Thursday, April 26, 2012

Debt Collectors Find Their Way Into Hospitals

The New York Times reports that “Hospital patients waiting in an emergency room or convalescing after surgery are being confronted by an unexpected visitor: a debt collector at bedside.”  Go to to find the article, "Debt Collector is Faulted for Tough Tactics in Hospitals," in the NYT Business Day (April 24, 2012).

The online article, by Jessica Silver-Greenberg , continues: “This and other aggressive tactics by one of the nation’s largest collectors of medical debts, Accretive Health, were revealed on Tuesday by the Minnesota attorney general, raising concerns that such practices have become common at hospitals across the country.”

The article also indicates tactics of embedding debt collectors as employees in emergency rooms who would be expected to demand that patients pay before receiving treatment.

To patients, the debt collectors may look indistinguishable from hospital employees.  They may demand that the patient pay outstanding bills and may discourage the patient from seeking emergency care at all.  According to reported allegations, Accretive Health employees were told to stall patients entering the emergency room until they had agreed to pay a previous balance. 

The report indicates that in some cases these workers would have access to health information while asking patients to pay overdue bills, what the Minnesota attorney general speculates may be a violation of federal privacy laws.  The Minnesota general asserts that “the hounding of patients violated the Emergency Medical Treatment and Active Labor Act, a federal law requiring hospitals to provide emergency health care regardless of citizenship, legal status or ability to pay,” and that “by giving its collectors access to health records, Accretive violated the Health Insurance Portability and Accountability Act.” In addition, the attorney general says that the company broke state collections laws by failing to identify themselves as debt collectors when dealing with patients.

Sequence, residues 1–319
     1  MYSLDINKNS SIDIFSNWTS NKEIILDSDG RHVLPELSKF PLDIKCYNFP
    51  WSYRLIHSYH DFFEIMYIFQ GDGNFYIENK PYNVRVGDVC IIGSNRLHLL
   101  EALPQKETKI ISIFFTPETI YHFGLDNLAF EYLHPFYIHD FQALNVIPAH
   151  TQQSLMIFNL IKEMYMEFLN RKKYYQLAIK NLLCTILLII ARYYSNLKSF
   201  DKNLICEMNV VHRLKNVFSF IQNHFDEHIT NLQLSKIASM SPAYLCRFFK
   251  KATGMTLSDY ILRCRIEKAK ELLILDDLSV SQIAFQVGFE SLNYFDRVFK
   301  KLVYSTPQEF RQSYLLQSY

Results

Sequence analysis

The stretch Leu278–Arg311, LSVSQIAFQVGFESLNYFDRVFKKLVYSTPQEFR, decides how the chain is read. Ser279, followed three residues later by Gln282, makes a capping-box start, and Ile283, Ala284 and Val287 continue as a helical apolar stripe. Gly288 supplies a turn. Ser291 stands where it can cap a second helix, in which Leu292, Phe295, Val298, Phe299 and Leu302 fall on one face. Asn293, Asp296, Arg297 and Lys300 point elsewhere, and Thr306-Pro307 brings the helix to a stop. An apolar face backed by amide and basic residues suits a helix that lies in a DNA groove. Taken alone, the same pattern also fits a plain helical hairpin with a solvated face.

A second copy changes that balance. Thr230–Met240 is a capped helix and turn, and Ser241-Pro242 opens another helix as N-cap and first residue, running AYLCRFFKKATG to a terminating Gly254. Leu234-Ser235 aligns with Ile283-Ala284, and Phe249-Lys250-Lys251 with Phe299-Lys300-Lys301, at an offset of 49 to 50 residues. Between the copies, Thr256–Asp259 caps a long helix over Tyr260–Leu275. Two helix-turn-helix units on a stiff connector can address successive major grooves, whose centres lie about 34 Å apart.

It is noted that hospitals “have long hired outside collection agencies to pursue patients after they have left hospital facilities,” and “to achieve promised savings, hospitals turn over the management of their front-line staffing — like patient registration and scheduling — and their back-office collection activities.”

According to the New York Times report, “Accretive says that it trains its staff to focus on getting payment through revenue cycle operations. Accretive fostered a pressurized collection environment that included mandatory daily meetings at the hospitals in Minnesota, according to employees and the newly released documents. Employees with high collection tallies were rewarded with gift cards. Those who fell behind were threatened with termination.”

The Minnesota attorney general is currently in discussions with state and federal regulators about a coordinated response to Accretive Health’s practices across the country.

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